Marketing UPDATED: 30 June 2023

How to Develop an Omnichannel Marketing Strategy

Tassos Antoniou

8 min read

As we discussed in our first article about Omnichannel marketing, an Omnichannel Marketing strategy is a type of marketing strategy that aims to provide a seamless customer experience across all channels and touchpoints. In this article, we will look at some important things you should keep in mind when developing an Omnichannel Marketing strategy.

Creating the Right Team

How successfully your business performs is ultimately dependent on your team which is why it’s important to make sure the right people are in place to carry out Omnichannel Marketing from the get-go. A solid core of like-minded individuals who understand Omnichannel Marketing will make all the difference to the success of any Omnichannel Marketing strategy.

Since Omnichannel Marketing involves coordinating across multiple channels and touchpoints, it’s important the team responsible for delivering this strategy is well-connected and operates together in a coordinated way. The aim is to provide a seamless experience for the customer across all channels and, to do that, the team behind each channel needs to make sure they’re working closely with other teams.

Teams needed for a successful Omnichannel Marketing strategy might include the following people:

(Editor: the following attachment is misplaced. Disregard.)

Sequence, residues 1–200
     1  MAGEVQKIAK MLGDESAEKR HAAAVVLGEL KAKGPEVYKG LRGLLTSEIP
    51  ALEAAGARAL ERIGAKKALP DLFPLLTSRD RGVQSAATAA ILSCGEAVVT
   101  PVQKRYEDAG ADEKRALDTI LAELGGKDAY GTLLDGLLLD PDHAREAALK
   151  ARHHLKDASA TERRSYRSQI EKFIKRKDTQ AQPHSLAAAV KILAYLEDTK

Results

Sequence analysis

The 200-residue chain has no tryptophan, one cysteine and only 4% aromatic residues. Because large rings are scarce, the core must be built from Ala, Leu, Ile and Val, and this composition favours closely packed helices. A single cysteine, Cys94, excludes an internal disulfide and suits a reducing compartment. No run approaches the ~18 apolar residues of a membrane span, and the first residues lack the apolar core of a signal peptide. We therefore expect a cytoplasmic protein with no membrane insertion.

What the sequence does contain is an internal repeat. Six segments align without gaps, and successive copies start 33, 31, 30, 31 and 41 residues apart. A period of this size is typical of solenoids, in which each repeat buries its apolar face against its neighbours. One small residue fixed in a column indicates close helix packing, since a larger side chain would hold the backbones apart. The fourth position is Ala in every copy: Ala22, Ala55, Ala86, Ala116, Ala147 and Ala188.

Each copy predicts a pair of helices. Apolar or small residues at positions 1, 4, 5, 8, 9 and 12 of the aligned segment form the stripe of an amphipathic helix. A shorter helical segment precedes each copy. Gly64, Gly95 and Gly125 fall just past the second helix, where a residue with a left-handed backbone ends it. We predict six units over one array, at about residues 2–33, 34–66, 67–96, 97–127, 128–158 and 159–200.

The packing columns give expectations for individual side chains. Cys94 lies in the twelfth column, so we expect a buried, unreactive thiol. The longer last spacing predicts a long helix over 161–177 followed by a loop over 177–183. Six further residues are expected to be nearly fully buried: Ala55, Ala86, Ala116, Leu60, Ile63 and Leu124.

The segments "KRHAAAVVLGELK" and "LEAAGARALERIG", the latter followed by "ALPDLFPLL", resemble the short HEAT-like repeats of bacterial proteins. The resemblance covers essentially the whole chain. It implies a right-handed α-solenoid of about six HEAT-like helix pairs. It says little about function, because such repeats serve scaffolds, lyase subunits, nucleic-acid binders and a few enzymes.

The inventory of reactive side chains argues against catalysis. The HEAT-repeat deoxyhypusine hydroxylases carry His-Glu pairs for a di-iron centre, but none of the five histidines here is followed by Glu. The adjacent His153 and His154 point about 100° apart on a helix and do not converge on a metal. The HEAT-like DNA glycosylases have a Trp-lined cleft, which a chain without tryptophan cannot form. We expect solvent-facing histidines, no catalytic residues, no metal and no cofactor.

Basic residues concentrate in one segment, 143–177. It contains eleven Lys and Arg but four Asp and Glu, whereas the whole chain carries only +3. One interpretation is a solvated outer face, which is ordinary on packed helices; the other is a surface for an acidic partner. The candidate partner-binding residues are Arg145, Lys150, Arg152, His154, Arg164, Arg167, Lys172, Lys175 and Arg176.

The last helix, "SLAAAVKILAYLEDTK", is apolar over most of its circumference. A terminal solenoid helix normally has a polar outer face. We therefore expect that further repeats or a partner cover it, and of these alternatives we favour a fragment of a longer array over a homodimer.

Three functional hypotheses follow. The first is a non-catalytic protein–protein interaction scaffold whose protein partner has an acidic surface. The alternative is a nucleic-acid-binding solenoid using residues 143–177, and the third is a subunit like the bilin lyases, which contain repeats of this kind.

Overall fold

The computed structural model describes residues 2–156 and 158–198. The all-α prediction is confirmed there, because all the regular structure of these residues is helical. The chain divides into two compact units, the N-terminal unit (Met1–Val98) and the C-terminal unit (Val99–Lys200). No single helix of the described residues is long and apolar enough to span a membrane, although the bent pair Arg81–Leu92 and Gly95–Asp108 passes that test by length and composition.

Content Creators

Content creators are an important part of any marketing team. They will typically be in charge of doing research and coming up with ideas for content. They will also have to write and edit, make visuals (collaborating with the designers), optimize the content for search engines, measure how well it does, and more.

Content creators should have strong writing and editing skills, a working knowledge of SEO, and the ability to create engaging content that meets the expectations of their target audience.

Graphic Designers

The designers will create the visual assets and design elements: graphics, logos, infographics, landing pages, email templates, etc. They will ensure that all visual assets are on-brand and consistent with the business’s aesthetics.

A good graphic designer should understand design principles, be comfortable using the latest design software and, most importantly, know how to get the message across through their work.


Analysts are in charge of keeping track of and analyzing how well marketing campaigns are doing and making suggestions for improvement based on data.